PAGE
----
The Federal Government has continued to slam Apple and Google over claims the tech giants avoid tax, but the industry has warned that fixing the issue will take longer than people may think.
Federal Assistant Treasurer David Bradbury accused international companies such as the two giant tech businesses of exploiting tax laws in countries like Ireland, allowing them to minimise taxes in Australia as a result.
Various media reports over the past few weeks have accused the two companies of these practices, leading to what Bradbury calls the “double Irish Dutch sandwich”.
This refers to businesses shifting income between Ireland and the Netherlands.
According to The Australian Financial Review, Bradbury said at a tax conference in Sydney that if these businesses aren’t paying enough tax, “that’s not fair game”. He cited a report that suggested Google only paid $74,000 in tax, although the tech giant itself said that figure was $781,000.
“Even if the higher figure is correct, I can understand why many in the community would be perplexed to learn that this figure is so low for a company whose annual advertising revenue from Australia has been estimated by media analysts to be over $1 billion per annum,” he said.
Both Apple and Google were contacted by SmartCompany this morning, but no reply was available before publication.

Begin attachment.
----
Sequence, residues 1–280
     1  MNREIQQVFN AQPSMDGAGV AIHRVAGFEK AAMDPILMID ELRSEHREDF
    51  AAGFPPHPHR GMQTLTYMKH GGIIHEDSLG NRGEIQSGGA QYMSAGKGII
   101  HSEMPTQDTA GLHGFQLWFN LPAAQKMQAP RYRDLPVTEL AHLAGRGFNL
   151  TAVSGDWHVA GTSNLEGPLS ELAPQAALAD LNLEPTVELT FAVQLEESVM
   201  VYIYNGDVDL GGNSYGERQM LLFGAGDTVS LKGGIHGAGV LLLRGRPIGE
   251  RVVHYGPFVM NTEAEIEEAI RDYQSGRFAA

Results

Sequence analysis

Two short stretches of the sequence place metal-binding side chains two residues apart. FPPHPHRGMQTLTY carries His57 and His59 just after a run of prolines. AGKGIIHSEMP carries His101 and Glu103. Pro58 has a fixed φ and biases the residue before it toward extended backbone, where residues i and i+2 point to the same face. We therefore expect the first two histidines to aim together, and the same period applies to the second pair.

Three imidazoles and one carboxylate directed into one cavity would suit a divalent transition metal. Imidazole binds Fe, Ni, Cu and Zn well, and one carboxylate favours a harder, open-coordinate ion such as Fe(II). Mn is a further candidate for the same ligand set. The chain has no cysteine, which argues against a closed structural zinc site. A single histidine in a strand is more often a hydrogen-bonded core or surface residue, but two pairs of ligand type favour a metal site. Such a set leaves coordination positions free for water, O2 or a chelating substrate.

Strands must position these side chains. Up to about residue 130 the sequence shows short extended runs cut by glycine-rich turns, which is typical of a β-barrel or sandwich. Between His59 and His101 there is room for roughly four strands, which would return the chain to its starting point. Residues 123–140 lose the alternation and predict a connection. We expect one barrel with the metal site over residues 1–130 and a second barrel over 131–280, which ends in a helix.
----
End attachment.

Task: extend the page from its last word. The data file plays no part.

Bradbury made the comments yesterday as the Treasury released new draft legislation for changes to transfer pricing rules, designed to help domestic tax law better align with international standards.
Tax Institute senior counsel Robert Jeremenko told SmartCompany this cooperation between countries on tax law is the problem – Google and Apple may not necessarily be doing anything wrong.
“This isn’t just in the tech sector, either. It’s a global structural issue. And any solution is not going to happen quickly.”
Apple has particularly been targeted for keeping most of its $US100 billion in cash offshore, but as Jeremenko points out, treaties between different countries and various legislative agreements create a complicated web of laws through which companies can reduce their burden.
“The issues raised here are a very complex area. The issue is made even more complicated by the fact you’re not necessarily selling widgets, but internet services and so on.”
“It’s much broader than domestic tax policy, and there’s not going to be any quick fix.”